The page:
As your small business starts to grow, you might want to consider incorporating. When a business incorporates, it becomes a legal entity. That means if your business ever faces financial or legal trouble, your personal assets, such as your home or other assets are, in most cases, protected.

It’s important to know when to incorporate. If you make your company a legal entity while it’s still in its early stages, you’ll no longer be able to claim any losses it incurs on your personal taxes. At the same time, the more mature a company becomes and the more assets it has, the more paperwork that’s required to incorporate it. In either case, expect the cost of incorporating to be somewhere between $75 and $300.

Get the capital you need without the complications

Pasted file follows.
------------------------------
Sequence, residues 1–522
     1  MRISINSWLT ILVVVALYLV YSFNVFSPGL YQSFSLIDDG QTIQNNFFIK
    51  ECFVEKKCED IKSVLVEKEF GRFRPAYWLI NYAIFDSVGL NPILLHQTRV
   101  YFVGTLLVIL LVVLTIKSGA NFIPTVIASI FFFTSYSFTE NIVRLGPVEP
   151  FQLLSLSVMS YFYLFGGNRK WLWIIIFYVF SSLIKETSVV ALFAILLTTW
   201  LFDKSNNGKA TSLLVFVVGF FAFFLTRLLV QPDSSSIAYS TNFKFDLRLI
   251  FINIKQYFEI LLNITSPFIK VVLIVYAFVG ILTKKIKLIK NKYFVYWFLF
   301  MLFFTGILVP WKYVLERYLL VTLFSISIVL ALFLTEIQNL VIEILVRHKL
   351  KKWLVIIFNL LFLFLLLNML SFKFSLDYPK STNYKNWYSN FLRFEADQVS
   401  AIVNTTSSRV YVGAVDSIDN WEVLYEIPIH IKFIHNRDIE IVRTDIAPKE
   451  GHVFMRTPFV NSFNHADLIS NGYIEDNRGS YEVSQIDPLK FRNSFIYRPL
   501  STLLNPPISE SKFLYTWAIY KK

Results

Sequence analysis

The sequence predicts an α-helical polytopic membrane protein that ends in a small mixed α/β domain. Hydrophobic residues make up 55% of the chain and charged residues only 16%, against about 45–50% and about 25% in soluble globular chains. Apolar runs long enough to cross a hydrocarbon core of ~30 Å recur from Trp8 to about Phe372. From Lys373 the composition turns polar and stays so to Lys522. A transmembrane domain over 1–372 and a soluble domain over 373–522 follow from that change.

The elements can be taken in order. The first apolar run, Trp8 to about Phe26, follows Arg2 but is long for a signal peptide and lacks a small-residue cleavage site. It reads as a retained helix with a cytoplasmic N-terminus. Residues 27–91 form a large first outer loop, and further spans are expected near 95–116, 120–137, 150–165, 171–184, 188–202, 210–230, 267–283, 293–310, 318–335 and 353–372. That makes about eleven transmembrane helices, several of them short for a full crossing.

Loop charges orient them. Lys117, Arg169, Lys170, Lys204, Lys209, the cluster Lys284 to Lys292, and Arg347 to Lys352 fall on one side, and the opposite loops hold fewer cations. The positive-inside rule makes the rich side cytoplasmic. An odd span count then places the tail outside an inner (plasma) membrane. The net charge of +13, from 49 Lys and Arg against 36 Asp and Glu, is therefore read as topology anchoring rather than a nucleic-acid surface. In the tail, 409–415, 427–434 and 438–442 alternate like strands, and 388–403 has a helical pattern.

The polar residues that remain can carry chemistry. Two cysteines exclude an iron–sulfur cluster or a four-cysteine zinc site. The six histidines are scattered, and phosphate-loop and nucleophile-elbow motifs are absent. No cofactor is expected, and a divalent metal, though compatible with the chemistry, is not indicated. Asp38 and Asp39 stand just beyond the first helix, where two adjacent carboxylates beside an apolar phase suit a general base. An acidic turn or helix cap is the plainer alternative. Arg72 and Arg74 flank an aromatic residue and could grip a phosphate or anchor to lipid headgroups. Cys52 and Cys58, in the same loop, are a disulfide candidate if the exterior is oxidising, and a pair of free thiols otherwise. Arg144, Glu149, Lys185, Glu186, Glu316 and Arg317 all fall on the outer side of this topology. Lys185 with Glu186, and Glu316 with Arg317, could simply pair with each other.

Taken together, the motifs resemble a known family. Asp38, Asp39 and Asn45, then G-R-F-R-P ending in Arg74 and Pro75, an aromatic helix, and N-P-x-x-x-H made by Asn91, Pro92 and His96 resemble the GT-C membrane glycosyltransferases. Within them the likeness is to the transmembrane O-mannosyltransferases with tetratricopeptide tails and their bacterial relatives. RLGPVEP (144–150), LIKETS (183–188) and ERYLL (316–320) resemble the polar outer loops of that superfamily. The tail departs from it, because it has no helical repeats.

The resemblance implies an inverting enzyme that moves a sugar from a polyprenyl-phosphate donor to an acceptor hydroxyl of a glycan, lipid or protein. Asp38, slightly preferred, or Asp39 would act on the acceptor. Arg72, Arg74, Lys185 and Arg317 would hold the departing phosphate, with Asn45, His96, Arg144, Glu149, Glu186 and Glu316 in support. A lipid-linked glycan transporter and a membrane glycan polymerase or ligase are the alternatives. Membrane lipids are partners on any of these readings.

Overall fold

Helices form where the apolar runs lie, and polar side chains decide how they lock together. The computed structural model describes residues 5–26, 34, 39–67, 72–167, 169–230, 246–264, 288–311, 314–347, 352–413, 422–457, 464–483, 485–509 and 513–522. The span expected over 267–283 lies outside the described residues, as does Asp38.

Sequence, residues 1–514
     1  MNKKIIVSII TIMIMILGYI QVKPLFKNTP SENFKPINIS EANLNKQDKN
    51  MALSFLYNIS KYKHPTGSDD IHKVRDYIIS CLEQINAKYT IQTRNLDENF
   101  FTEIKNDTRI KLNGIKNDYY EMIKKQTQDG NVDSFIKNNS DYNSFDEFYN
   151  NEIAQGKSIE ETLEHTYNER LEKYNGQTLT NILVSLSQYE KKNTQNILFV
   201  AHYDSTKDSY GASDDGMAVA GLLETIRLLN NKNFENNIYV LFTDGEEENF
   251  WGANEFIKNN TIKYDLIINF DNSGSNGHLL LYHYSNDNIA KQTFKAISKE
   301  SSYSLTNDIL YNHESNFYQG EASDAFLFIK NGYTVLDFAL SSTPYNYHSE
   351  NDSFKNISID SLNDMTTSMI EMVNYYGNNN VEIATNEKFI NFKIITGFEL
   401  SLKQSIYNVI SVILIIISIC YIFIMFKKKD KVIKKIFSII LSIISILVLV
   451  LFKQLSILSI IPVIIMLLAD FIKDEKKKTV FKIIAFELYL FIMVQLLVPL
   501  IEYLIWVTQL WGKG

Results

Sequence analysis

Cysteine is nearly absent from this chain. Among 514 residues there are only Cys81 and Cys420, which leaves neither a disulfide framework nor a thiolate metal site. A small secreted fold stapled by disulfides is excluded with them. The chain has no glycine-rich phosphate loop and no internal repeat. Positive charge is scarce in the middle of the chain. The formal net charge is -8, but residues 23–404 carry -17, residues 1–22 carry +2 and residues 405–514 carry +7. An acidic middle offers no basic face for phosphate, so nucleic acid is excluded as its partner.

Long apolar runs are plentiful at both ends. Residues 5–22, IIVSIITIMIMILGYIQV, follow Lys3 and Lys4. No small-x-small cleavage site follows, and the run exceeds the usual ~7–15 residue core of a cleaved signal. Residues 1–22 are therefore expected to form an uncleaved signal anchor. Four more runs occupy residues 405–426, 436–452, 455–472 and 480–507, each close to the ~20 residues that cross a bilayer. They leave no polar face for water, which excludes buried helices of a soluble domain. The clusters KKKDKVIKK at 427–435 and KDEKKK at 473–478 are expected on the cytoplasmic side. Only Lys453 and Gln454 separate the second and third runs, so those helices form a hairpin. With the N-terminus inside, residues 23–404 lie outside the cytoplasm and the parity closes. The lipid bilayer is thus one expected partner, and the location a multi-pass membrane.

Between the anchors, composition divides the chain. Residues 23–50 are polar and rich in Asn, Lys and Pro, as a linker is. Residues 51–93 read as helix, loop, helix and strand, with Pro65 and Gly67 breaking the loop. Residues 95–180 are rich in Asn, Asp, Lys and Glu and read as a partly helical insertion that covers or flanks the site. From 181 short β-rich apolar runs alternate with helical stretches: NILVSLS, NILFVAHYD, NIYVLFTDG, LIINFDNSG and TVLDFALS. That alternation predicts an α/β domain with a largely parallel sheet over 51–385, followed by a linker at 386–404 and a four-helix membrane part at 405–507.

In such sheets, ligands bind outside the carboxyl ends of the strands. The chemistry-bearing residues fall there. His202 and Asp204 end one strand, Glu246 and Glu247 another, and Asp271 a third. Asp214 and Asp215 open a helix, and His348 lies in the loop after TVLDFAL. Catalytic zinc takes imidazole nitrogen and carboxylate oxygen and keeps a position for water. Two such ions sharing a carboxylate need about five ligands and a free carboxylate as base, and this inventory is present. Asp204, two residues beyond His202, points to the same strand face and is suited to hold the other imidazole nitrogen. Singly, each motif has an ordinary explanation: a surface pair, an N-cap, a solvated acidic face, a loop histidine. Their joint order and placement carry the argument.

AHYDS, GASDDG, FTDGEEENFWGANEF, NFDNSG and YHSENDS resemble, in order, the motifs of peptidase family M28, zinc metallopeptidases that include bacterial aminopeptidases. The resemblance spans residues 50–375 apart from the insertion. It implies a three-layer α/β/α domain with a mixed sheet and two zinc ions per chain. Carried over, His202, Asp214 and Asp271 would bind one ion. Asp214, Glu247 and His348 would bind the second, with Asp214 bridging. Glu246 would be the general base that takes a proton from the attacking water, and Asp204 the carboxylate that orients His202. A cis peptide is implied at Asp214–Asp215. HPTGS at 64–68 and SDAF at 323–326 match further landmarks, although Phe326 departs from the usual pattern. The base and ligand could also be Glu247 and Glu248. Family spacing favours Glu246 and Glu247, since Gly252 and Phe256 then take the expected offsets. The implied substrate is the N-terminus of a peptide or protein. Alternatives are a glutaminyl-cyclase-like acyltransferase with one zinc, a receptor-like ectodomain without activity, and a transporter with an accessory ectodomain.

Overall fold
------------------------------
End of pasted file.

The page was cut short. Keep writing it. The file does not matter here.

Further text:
With Barclays small business loan, you get the money you need to grow your business with just a few clicks. There is no lengthy application process and no paper forms to fill out.

Choosing the right bank

Not all banks offer the same services. Some have mobile apps; for example, some don’t. Some will tailor their services around your small business, while others will have a more standardized approach.

Corporate accounts are a little different from personal accounts, so here are some things you should consider when choosing a bank for your business:

Does it offer online banking?

What are its fees for business transactions?

What kinds of interest rates does it have for business loans?

Can it offer you a business credit card?

Can you add other people and permissions to your account as your business grows?

Doing all your banking at one institution keeps things simple, but keep in mind that it’s not necessary. If your preferred bank doesn’t have competitive rates on loans, for example, it’s OK to look for a loan from another bank.

Types of accounts